The Single Greatest (political) Line Written by a Man and a Curious Omission

We hold these truths to be self-evident, that all men are created equal, that they are endowed by the Creator with certain unalienable Rights, that among these are Life, Liberty and the pursuit of happiness.

Thirty-five words that led to the creation of a nation – the greatest nation the world has ever known – a nation that would change the entire world for the better.

Greatest omission – property!

The first and second article of the Virginia Declaration of Rights adopted unanimously by the Virginia Convention of Delegates on June 12, 1776 and written by George Mason, is:

That all men are by nature equally free and independent, and have certain inherent rights, of which, when they enter into a state of society, they cannot, by any compact, deprive or divest their posterity; namely, the enjoyment of life and liberty, with the means of acquiring and possessing property, and pursuing and obtaining happiness and safety.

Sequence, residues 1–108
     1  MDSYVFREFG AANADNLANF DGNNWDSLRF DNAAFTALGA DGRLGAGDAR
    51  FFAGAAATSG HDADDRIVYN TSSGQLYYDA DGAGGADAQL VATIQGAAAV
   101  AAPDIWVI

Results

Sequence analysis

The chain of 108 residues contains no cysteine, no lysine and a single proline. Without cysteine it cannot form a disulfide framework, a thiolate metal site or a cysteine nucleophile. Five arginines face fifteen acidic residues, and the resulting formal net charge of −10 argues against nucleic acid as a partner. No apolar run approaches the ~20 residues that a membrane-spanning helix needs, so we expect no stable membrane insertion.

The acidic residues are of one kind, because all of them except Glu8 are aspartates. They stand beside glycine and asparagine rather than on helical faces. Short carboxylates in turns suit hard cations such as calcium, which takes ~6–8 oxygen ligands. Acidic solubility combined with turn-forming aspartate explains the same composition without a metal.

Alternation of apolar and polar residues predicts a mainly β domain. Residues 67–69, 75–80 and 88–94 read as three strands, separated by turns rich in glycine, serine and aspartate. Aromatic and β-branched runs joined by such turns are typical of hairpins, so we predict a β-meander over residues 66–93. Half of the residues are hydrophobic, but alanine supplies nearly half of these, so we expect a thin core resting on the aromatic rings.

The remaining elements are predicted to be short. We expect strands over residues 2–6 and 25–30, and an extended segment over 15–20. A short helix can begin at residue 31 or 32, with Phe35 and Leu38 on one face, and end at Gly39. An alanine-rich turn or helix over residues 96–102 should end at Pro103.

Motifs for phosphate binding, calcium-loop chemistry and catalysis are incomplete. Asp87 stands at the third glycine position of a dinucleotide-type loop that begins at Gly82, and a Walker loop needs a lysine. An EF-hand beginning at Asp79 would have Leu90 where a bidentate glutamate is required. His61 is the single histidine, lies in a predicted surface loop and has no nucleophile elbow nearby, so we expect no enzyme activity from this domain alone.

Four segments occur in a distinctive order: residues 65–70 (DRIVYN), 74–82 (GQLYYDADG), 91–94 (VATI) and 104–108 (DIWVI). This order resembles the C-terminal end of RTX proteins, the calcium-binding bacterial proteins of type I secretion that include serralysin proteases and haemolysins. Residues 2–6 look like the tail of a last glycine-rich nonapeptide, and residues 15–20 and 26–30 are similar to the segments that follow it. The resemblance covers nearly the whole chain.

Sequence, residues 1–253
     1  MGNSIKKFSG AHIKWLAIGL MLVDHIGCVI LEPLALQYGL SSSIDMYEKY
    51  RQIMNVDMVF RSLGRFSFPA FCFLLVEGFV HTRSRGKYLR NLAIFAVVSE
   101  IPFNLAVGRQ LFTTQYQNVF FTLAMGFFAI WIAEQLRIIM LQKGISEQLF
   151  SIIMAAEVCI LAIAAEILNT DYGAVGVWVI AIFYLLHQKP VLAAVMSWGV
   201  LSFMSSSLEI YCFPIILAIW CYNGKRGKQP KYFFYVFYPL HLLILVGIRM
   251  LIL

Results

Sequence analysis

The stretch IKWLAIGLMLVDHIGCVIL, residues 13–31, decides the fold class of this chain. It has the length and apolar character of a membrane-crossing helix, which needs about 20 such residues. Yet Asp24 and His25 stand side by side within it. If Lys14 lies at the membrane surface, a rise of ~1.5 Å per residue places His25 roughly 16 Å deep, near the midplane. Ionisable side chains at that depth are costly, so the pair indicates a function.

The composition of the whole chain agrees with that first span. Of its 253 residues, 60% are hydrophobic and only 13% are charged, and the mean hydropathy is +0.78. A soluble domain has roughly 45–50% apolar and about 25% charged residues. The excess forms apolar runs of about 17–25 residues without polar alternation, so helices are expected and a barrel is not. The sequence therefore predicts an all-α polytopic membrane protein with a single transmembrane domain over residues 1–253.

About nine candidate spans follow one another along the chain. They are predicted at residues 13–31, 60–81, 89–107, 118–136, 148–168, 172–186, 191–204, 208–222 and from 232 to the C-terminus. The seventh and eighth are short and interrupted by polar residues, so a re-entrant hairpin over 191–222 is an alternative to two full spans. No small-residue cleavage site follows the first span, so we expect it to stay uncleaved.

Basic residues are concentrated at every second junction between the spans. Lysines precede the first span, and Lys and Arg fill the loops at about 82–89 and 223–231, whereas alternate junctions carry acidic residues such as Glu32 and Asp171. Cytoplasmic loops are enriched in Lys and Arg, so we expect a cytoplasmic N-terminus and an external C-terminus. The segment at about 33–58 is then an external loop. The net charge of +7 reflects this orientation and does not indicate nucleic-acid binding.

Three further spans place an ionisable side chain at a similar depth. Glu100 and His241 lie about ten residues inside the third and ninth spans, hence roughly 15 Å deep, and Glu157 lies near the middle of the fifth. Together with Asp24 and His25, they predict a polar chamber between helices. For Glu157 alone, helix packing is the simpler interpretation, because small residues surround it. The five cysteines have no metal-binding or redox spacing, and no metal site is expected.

Yet, Jefferson, with the agreement of his friend, Benjamin Franklin, decided to de-emphasize property in the Declaration of Independence, and that is the greatest omission of all time. Why? Because the right to property is the greatest right to all. The reason I say that is that property is the result of your living and acting, or, in other words, of your life and liberty, and without the right to own property, outright and without the fear that the government can take it from you, there can be no true liberty.

To put it another way:
“You exist in time: future, present, and past. This is manifest in life, liberty, and the product of your life and liberty. The exercise of choices over life and liberty is your prosperity. To lose your life is to lose your future. To lose your liberty is to lose your present. And to lose the product of your life and liberty is to lose the portion of your past that produced it.” [The Philosophy of Liberty]

Jere Moore
Jere Moore has been blogging about political matters since 2008. His posts include commentary about current news items, conservative opinion pieces, satirical articles, stories that illustrate conservative principles, and posts about history, rights, and economics.

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